All is not well with CJI case

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All is not well in the CJI sexual harassment case  as a section of the Supreme Court judges have advised the panel inquiring the sexual harassment case against the CJI not to proceed with the inquiry without having complainant on board.

The complainant withdrew from the inquiry alleging hostility of the panel and refusal of lawyer’s help during the conduct of inquiry besides non availability of the transcripts of the day’s proceedings.

A sitting judge of the Supreme Court, Justice DY Chandrachud, has asked the in-house panel probing allegations of sexual harassment against Chief Justice of India Ranjan Gogoi to not proceed with the inquiry “ex parte”, The Indian Express has learnt.

Justice Chandrachud, accompanied by Justice Rohintan Nariman, met the inquiry panel comprising Justices S A Bobde, Indu Malhotra and Indira Banerjee on Friday, where the two judges believed to have discussed their concerns about the ongoing probe with the panel.

On May 2, Justice Chandrachud wrote to the three judges in the probe panel that the credibility of the Supreme Court would be further damaged if they decided to continue with the probe in the absence of the complainant, who has withdrawn from the inquiry.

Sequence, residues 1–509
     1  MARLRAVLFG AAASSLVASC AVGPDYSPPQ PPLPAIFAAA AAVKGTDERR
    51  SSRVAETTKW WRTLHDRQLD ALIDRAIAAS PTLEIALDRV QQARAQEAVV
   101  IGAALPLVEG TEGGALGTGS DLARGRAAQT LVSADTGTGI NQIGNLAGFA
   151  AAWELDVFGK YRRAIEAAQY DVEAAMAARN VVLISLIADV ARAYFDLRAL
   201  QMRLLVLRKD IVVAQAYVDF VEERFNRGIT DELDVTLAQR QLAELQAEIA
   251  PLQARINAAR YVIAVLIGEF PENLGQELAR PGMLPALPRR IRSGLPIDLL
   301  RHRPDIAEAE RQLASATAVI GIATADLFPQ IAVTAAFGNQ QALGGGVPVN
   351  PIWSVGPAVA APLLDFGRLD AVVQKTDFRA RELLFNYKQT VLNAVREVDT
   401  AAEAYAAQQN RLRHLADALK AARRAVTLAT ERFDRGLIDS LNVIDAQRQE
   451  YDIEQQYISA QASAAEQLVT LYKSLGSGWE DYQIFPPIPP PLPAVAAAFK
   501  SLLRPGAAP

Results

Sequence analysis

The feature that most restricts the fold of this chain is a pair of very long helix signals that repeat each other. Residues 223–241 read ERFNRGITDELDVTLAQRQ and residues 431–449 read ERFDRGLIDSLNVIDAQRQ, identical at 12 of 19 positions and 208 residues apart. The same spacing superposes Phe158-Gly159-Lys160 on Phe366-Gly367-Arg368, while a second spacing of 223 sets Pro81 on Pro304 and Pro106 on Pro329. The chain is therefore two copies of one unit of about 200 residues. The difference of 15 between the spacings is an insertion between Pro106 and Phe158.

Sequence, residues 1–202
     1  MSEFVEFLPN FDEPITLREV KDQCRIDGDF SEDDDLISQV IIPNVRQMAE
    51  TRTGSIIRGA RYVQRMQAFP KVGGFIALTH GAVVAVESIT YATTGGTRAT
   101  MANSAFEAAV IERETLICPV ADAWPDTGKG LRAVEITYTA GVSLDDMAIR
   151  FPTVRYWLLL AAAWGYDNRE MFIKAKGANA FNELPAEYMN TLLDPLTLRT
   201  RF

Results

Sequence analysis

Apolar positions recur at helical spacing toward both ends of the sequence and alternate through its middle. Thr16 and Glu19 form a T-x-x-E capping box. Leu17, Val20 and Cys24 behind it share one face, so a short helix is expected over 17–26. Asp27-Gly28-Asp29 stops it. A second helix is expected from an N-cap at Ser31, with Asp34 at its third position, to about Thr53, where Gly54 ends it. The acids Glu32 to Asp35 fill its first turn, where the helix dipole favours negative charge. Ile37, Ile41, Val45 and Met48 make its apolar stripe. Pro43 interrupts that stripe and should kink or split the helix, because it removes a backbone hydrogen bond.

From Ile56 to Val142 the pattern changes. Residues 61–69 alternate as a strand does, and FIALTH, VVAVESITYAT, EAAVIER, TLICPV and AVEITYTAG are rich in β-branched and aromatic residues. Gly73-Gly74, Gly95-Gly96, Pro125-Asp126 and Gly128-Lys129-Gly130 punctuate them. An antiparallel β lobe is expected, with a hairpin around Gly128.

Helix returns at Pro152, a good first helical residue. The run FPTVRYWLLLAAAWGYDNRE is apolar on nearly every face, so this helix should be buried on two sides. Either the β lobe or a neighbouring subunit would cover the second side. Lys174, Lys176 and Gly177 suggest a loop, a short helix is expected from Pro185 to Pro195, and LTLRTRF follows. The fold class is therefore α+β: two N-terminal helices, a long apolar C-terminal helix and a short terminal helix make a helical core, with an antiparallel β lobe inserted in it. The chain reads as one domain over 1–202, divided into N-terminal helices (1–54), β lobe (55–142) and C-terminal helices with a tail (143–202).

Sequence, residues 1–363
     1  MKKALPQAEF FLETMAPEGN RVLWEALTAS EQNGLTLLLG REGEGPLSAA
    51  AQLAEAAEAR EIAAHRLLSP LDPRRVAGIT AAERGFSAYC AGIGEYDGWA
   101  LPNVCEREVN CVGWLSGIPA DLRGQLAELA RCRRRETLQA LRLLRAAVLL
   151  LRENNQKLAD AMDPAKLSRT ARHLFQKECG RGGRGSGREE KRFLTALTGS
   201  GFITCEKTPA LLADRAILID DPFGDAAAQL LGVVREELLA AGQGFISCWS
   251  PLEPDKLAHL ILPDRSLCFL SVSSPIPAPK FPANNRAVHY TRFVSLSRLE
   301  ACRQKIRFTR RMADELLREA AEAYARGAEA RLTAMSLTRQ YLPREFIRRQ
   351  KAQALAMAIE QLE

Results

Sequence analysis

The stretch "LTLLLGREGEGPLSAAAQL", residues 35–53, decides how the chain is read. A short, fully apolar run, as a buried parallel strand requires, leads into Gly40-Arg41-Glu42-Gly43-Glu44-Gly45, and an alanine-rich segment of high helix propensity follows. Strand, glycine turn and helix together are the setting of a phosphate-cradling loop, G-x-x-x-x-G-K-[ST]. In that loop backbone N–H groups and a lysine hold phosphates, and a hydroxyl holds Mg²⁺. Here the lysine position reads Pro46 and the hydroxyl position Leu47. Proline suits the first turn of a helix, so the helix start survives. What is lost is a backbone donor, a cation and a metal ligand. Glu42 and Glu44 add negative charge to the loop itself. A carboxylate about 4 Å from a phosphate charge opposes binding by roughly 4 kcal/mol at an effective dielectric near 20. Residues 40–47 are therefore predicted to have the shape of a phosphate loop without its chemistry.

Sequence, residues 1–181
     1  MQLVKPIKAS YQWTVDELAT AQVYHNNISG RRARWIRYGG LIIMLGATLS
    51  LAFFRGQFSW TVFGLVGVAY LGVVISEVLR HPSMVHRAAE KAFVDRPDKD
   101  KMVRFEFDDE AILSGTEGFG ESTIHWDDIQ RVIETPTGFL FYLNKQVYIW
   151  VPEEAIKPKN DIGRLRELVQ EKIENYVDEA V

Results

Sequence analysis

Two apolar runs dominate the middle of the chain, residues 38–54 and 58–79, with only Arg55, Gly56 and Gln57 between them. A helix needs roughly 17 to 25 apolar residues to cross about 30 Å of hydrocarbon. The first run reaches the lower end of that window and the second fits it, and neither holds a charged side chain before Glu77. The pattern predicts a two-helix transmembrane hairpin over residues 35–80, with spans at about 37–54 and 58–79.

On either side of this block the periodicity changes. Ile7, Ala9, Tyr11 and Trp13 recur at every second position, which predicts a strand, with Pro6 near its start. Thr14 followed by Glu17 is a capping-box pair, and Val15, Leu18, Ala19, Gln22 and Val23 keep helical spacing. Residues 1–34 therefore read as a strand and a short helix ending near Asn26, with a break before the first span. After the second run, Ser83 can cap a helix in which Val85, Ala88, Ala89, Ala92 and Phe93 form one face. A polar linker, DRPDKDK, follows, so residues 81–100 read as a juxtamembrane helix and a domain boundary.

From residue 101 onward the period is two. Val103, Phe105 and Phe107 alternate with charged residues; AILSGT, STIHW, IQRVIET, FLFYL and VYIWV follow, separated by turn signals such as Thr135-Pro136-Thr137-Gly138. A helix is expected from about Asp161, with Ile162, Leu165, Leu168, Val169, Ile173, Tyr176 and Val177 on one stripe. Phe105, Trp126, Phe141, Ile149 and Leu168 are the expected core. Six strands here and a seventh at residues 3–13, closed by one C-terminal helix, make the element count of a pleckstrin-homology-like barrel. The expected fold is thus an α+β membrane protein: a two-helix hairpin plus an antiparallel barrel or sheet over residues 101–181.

He also suggested that the committee could either accede to the complainant’s ‘equest to provide her with a lawyer or appoint an amicus curiae for the probe.

The inquiry committee had decided to proceed “ex parte” or carry on in her absence after the complainant declared that she was withdrawing from the probe.

This decision was taken by the three judges on April 30 when the complainant said that she was “compelled to walk out” because the judges who are part of the panel did not seem to appreciate the fact that “this was not an ordinary complaint but was a complaint of sexual harassment against a sitting CJI” and refused to allow a lawyer or support person to accompany her during her deposition.

The complainant, after two sittings, lasting about three hours each, chose to withdraw during the third sitting and told the committee about her decision to do so. The three judges are said to have told her they were left with no choice but to continue with the proceedings ex parte. On Wednesday, CJI Gogoi appeared before the probe panel.

The complainant, in a letter to the committee, and in a press release on Tuesday, said that she found the committee intimidating. And that there was a need to adopt a “procedure that would ensure fairness and equality in the highly unequal circumstances” she said she was placed in. “I had hoped that the approach of the committee towards me would be sensitive and not one that would cause me further fear, anxiety and trauma,” she added.

In her 28-page original complaint, the woman had alleged that on October 10 and October 11, 2018, the CJI had made sexual advances in his home office, where she was posted, and touched her inappropriately.

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